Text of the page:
Update: today I’ve been receiving XMPP messages in the Google+ variant of Hangouts. Looks as if it currently is back (at least while you are logged in via XMPP - havn’t tried without pidgin at the same time yet). Let’s just hope that XMPP federation will continue to be supported on the long run.

It’s been all over the internet, so you probably heard it already: Google Hangouts no longer receives messages from XMPP users. Before, you could easily chat with “federated” users from other Jabber servers.

While of course the various open-source people are not amused – for me, most of my contacts disappeared, so I then uninstalled Hangouts to get back Google Talk (apparently this works if Talk was preinstalled in your phones firmware) – this bears some larger risks for Google:

  • Reputation: Google used to have the reputation of being open. XMPP support was open, the current “Hangups” protocol is not. This continuing trend of abandoning open standards and moving to “walled garden” solutions will likely harm the companies reputation in the open source community
  • Legal risk of an antitrust action: Before, other competitors could interface with Google using an indepentend and widely accepted standard. An example is United Internet in Germany, which operates for example the Web.de and GMX platforms, mail.com, the 1&1 internet provider. By effectively locking out its competitors - without an obvious technical reason, as XMPP was working fine just before, and apparently continues to be used at Google for example in AppEngine - bears a high risk of running into an antitrust action in Europe. If I were 1&1, I would try to get my lawyers started… or if I were Microsoft, who apparently just wanted to add XMPP messaging to Hotmail?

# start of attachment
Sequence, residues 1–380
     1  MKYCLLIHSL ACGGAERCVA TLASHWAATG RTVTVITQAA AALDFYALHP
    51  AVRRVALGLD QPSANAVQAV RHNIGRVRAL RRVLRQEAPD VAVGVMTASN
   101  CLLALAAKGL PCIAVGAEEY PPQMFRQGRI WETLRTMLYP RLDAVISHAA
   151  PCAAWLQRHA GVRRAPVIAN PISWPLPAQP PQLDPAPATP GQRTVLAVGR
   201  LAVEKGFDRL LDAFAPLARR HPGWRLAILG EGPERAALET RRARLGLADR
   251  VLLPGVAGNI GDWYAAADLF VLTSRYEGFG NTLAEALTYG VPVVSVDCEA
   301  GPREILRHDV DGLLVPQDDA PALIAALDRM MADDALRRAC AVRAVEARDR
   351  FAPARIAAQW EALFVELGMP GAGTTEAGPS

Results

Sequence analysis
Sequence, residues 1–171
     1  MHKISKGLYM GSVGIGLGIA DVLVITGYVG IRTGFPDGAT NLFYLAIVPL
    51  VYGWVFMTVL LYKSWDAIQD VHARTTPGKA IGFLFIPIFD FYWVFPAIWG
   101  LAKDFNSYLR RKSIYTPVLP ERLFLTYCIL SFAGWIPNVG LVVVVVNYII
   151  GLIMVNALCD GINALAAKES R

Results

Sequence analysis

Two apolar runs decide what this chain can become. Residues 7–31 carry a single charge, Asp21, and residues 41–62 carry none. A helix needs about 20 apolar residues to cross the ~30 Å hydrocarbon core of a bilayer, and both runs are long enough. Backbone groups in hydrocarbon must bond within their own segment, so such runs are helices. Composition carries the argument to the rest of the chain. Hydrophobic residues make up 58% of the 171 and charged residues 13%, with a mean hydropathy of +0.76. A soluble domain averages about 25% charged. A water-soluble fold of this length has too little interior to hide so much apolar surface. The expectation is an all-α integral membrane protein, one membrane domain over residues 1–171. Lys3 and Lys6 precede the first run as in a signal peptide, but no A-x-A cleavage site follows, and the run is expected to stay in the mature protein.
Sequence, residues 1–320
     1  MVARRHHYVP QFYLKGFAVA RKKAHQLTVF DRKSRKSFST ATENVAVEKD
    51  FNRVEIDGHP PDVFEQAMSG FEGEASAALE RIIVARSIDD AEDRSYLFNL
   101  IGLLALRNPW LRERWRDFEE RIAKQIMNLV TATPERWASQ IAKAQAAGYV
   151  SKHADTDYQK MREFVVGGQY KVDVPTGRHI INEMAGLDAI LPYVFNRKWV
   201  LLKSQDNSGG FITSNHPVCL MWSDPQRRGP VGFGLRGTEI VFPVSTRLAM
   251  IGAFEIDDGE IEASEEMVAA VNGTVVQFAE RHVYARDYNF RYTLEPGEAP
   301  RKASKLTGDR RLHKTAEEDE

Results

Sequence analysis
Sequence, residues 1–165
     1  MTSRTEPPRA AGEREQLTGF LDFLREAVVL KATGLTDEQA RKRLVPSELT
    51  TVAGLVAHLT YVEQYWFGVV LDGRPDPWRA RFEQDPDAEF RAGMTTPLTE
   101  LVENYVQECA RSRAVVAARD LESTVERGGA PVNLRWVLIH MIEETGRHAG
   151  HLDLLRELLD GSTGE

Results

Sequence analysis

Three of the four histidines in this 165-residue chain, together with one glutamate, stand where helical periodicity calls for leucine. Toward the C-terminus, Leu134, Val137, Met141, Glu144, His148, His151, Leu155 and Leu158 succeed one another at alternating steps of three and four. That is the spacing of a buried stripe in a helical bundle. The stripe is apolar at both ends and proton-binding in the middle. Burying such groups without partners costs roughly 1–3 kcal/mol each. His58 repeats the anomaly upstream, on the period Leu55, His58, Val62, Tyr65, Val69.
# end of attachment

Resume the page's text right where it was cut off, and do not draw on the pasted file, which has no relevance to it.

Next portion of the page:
• Users: Google+ is not that big yet. Especially in Germany. Since 90% of my contacts were XMPP contacts, where am I likely going to move to: Hangouts or another XMPP server? Or back to Skype? I still use Skype for more Voice calls than Google (which I used like twice), because there are some people that prefer Skype. One of these calls probably was not using the Google plugin, but an open source phone. Because with XMPP and Jingle, my regular chat client would interoperate. An in fact, the reason I started using Google Talk the first place was because it would interoperate with other networks, too, and I assumed they would be good at operating a Jabber server.

In my opinion, Google needs to quickly restore a functioning XMPP bridge. It is okay if they offer add-on functionality only for Hangout users (XMPP was always designed to allow for add-on functionality); it is also okay if they propose an entirely new open protocol to migrate to on the long run, if they can show good reasons such as scalability issues. But the way they approached the Hangup rollout looks like a big #fail to me.

Oh, and there are other issues, too. For example Linus Torvalds complains about the fonts being screwed up (not hinted properly) in the new Google+, others complain about broken presence indicators (but then you might as well just send an email, if you can’t tell whether the recepient will be able to receive and answer right away), but using Hangouts will apparently also (for now – rumor has it that Voice will also be replaced by Hangups entirely) lose you Google Voice support. The only thing that seems to give positive press are the easter eggs…

All in all, I’m not surprised to see over 20% of users giving the lowest rating in the Google Play Store, and less than 45% giving the highest rating

  • for a Google product, this must be really low.